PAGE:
FOSTER: Well, there's a lot to be said about a musician who can still thrill audiences after almost four decades in the business. Tonight's Connector of the Day is one of the few. He was born Stanley Eisen, but the world knows him as the charismatic front man of the legendary American rock band KISS. Becky gets us connected with Paul Stanley.


(MUSIC - "Hotter Than Hell")

BECKY ANDERSON, CNN HOST (voice-over): Big hair, big makeup, and big performances. KISS is one of the world's most enduring bands. They've turned out 37 albums over 36 years and have sold 100 million albums around the world.

Their fame, spurred by over-the-top live shows, spans the globe and appeals to generation after generation.

(MUSIC - "C'mon and Love Me")

ANDERSON (voice-over): They play for the fans and for causes, amongst them, America's wounded warriors.

STANLEY: When these brave men and women come home with either broken bodies or broken spirits, somebody has to look after them.

(MUSIC - "Rock and Roll All Night")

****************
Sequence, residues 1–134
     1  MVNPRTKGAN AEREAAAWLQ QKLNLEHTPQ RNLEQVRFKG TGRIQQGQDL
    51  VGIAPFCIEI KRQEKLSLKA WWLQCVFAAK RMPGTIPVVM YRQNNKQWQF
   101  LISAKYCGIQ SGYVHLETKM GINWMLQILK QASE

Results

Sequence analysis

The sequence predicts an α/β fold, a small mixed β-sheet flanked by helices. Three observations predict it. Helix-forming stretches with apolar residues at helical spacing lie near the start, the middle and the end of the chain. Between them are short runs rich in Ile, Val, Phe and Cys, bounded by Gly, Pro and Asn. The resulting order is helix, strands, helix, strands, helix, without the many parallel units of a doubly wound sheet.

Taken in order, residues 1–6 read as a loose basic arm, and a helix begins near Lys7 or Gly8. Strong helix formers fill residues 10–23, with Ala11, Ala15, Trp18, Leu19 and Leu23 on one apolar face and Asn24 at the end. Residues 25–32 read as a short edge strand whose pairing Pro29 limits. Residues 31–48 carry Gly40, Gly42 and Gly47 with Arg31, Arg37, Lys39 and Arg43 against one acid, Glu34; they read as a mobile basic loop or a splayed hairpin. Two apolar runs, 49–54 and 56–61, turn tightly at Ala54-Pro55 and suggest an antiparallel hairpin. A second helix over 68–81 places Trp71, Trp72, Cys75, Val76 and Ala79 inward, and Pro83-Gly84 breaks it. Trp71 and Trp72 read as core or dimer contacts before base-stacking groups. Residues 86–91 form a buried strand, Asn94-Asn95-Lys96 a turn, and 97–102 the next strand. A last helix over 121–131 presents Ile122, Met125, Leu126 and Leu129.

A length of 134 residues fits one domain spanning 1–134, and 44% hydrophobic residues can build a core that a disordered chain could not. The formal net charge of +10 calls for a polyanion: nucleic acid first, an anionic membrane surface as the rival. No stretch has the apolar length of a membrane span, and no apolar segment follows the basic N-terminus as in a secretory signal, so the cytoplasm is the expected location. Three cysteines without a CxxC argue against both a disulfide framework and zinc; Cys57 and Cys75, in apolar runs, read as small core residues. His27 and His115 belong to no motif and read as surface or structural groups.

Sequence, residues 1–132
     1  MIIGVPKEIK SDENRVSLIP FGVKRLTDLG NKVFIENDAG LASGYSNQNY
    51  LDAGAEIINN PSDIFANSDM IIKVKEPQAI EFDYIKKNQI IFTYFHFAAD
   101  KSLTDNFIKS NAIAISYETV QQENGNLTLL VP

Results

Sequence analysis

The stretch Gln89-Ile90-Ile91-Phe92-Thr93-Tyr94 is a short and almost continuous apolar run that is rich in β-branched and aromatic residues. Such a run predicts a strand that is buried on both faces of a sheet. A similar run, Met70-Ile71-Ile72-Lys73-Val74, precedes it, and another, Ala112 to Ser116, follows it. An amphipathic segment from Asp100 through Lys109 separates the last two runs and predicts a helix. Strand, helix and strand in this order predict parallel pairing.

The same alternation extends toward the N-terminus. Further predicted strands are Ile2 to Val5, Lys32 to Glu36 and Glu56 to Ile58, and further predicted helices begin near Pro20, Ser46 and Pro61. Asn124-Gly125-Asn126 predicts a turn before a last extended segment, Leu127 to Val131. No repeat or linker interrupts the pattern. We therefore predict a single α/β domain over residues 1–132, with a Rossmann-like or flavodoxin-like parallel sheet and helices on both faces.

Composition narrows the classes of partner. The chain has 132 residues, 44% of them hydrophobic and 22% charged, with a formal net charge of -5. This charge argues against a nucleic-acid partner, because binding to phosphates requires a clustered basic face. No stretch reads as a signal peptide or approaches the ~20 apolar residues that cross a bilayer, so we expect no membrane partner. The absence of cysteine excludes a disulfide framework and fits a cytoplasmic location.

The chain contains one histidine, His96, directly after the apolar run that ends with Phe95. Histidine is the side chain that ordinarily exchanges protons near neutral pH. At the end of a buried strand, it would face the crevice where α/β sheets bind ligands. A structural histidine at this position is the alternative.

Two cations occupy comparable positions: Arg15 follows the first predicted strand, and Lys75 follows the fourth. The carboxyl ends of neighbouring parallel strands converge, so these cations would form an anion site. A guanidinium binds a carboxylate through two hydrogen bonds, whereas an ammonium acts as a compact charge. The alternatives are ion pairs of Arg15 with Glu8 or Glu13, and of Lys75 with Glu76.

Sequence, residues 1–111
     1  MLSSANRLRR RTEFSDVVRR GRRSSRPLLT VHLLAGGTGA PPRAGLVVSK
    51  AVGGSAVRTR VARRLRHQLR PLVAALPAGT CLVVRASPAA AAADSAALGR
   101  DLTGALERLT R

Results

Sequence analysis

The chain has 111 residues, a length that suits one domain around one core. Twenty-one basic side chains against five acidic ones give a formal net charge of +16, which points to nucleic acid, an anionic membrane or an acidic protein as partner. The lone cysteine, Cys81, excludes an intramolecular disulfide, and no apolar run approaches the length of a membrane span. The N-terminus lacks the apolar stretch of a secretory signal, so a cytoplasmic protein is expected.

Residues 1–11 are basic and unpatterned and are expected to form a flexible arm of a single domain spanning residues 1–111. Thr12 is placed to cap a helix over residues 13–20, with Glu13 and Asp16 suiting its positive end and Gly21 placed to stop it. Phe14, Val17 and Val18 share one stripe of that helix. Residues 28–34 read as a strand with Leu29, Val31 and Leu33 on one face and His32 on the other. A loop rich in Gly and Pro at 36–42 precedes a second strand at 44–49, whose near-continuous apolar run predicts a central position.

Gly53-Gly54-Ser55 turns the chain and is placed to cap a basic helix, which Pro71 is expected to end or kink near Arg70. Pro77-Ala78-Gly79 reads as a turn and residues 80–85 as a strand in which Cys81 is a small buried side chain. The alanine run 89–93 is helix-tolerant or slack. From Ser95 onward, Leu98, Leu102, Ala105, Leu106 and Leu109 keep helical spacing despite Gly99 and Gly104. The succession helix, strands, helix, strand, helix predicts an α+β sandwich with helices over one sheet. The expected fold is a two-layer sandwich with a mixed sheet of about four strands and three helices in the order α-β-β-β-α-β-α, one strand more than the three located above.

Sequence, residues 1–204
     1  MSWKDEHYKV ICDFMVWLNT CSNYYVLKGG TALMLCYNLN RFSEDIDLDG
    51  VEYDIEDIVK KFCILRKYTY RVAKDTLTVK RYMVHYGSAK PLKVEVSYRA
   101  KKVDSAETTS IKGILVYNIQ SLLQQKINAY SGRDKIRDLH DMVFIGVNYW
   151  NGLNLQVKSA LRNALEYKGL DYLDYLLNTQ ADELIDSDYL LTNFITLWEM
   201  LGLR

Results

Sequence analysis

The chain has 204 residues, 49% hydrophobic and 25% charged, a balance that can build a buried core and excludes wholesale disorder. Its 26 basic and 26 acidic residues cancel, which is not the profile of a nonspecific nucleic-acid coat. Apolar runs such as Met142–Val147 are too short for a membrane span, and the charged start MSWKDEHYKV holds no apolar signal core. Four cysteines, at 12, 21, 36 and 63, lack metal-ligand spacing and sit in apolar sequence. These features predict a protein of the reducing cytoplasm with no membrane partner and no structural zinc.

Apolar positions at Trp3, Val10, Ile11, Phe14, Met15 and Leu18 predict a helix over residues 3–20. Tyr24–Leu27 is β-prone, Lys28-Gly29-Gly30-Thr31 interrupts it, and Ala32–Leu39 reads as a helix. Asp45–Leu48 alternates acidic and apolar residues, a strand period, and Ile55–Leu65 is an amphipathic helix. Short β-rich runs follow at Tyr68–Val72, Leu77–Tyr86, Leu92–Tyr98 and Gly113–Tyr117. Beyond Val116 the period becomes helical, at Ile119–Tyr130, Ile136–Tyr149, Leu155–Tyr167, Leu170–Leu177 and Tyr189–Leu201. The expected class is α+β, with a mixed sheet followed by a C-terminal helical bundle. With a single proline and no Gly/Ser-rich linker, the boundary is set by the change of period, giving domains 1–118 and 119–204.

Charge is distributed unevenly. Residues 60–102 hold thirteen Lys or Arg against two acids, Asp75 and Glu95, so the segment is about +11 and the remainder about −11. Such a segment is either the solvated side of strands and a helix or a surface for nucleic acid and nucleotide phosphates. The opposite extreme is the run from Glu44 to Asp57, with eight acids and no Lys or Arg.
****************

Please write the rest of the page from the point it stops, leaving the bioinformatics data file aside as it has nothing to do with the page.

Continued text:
ANDERSON (voice-over): And rather than easing up after so many uses, this glam rock band is getting ready to go back into the studio. So, will the new album be more of the KISS we know and love, or something a little different? I asked front man Paul Stanley that very question.

STANLEY: If it's not broken, you don't fix it, you know? We've been doing the same thing for about 35 years, now. At one point or another, we may have gotten off at the wrong exit, but we're firmly rooted on the right highway right now, and the next album will be much like "Sonic Boom," which came out probably about two years ago, and we toured the world on. So, millions of people saw that tour and loved the music, and we'll be doing quite the same again.

ANDERSON (on camera): Are there any tours in the pipeline?

STANLEY: We really won't tour, probably, until September, October, when we have the new album out. And at that point, we'll go out and search and destroy, which is what we do.

ANDERSON: Madeline Hansen is a 13-year-old fan of yours, and she asks the question that many of our viewers want to know, "Will you ever do a second reunion tour with the original members of KISS?"